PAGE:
While the University of the Philippines has been in the forefront in ensuring that women and gender concerns are addressed through various mechanisms such as the Anti-Sexual Harassment Policy, the setting up of a system-wide center for women’s studies and the establishment of gender/women’s offices in all constituent universities; among others, there are provisions in the new law which have direct bearing on the university, she said.

In particular, Chapter VI, Institutional Mechanisms, state the following:
  • The conduct of a gender audit
  • Allocation of 5% of the budget of the agency as the GAD (gender and development) budget
  • Integration of gender issues and concerns in the annual plans of all departments including attached agencies, state universities and colleges. 
  • Creation and/or strengthening of the GAD Focal Points (GFP) or similar GAD mechanisms to “catalyze and accelerate gender mainstreaming within the agency or local government unit.”
Meantime, the basis of COA's critique of the U.P. System in the 2009 CAARs was Section 29 of the General Appropriation Act of 2009 (R.A. 9524) which provides that all government agencies shall formulate a GAD plan designed to address gender issues within their concerned sectors. Additionally, Section 31 of the General Provisions of the 2011 General Appropriations Act (R.A. 10147) also has similar requirements for GAD for all government agencies and entities (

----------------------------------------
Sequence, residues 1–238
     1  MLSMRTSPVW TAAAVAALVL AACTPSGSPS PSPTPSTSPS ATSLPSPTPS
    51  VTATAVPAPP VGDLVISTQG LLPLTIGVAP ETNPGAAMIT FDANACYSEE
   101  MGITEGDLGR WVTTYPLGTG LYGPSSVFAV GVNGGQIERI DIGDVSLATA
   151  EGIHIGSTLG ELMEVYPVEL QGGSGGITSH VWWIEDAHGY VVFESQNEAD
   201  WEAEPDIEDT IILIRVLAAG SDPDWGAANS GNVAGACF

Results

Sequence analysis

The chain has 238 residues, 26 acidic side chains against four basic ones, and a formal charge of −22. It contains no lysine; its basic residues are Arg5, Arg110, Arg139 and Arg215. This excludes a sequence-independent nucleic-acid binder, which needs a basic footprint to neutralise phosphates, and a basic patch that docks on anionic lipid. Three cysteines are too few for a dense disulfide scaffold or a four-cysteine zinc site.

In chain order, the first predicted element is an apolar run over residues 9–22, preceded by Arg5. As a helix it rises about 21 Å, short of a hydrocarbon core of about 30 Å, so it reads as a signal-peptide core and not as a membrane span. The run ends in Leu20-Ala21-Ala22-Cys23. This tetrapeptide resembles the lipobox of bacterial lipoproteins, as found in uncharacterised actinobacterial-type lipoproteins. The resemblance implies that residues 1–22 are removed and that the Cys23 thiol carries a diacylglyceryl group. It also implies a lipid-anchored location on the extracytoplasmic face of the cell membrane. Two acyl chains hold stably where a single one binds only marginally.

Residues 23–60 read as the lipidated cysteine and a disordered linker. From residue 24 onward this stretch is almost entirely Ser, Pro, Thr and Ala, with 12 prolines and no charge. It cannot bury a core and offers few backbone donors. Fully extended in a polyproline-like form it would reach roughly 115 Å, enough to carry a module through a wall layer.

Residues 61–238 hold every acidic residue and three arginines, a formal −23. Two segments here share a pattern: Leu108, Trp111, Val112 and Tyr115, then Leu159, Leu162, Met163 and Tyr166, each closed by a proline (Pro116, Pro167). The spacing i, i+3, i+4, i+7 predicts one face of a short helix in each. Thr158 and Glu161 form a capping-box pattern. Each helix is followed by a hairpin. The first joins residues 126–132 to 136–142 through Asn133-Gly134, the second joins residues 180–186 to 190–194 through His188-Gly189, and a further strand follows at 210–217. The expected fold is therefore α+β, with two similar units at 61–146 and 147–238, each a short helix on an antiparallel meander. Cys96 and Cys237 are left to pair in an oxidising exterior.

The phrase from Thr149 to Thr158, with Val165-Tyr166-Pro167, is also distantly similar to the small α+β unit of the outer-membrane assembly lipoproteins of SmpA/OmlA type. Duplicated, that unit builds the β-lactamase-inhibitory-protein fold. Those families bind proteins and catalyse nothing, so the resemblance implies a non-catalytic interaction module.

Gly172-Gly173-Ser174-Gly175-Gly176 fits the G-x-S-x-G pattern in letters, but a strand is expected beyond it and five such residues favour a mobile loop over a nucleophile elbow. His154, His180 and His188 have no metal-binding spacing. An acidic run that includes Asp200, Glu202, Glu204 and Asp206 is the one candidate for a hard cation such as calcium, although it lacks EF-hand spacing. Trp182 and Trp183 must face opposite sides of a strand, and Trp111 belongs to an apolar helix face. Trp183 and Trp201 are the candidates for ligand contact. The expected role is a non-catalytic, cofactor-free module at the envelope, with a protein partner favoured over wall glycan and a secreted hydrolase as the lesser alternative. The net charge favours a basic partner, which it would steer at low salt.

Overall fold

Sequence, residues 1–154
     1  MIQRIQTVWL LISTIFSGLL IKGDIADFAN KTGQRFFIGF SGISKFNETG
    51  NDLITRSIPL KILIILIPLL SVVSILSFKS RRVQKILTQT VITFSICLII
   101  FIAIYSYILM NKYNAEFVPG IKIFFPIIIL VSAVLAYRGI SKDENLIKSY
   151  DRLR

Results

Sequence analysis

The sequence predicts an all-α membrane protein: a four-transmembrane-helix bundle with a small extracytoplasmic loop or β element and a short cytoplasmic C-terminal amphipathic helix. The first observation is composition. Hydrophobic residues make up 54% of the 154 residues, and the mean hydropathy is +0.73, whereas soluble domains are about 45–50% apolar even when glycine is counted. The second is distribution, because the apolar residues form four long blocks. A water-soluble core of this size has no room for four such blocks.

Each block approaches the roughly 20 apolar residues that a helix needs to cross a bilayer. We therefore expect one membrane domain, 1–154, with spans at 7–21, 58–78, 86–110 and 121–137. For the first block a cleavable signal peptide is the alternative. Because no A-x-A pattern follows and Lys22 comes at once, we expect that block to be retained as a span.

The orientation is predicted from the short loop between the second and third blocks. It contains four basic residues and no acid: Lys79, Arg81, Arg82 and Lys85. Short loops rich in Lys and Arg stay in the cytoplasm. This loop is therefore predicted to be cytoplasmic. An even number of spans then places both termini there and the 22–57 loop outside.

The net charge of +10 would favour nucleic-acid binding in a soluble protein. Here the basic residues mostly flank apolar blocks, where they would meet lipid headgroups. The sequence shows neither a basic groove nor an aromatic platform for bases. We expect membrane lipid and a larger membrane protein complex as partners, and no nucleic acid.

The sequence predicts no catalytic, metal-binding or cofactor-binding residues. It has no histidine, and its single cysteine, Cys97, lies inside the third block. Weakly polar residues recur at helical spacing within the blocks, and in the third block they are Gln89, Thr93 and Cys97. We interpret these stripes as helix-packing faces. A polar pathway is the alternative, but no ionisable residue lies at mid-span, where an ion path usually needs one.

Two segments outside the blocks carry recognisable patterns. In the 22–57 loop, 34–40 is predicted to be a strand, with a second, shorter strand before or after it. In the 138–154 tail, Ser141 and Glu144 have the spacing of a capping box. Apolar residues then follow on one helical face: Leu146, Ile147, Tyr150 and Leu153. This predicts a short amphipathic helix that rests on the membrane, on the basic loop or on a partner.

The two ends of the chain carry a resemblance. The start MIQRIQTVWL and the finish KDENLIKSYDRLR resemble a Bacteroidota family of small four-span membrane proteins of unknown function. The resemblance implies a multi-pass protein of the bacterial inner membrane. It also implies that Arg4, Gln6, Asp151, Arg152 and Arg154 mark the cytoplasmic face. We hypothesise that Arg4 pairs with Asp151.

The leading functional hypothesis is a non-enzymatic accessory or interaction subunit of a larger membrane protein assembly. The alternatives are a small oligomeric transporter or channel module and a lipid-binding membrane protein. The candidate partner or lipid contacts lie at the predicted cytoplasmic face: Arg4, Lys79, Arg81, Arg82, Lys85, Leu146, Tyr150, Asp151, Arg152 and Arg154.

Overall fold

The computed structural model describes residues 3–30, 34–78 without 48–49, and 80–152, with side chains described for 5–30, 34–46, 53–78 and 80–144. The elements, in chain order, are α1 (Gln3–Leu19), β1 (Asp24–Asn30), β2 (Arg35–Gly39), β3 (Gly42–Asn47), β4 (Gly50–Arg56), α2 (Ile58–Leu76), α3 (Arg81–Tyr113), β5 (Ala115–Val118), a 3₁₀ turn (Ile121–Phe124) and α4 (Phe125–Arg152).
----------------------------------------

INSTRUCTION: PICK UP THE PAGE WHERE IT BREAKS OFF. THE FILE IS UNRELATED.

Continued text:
Although the U.P. gender audit report was not immediately available to the Diliman Diary, the 2009 COA CAAR was revealing in that it shed some light on the uneven state of development of GAD within the U.P. System. COA said that U.P. needs to more aggressively address the issue of all U.P. campuses having to allocate at least 5% of their approved budget for GAD programs.

The COA report also cited Joint Circular No. 2004 of the Department of Budget and Management, the National Economic Development Authority and the National Commission on the Role of Filipino Women (NCRFW) which stipulated that government institutions such as U.P. needed to conduct massive information, education and communication campaigns on gender issues.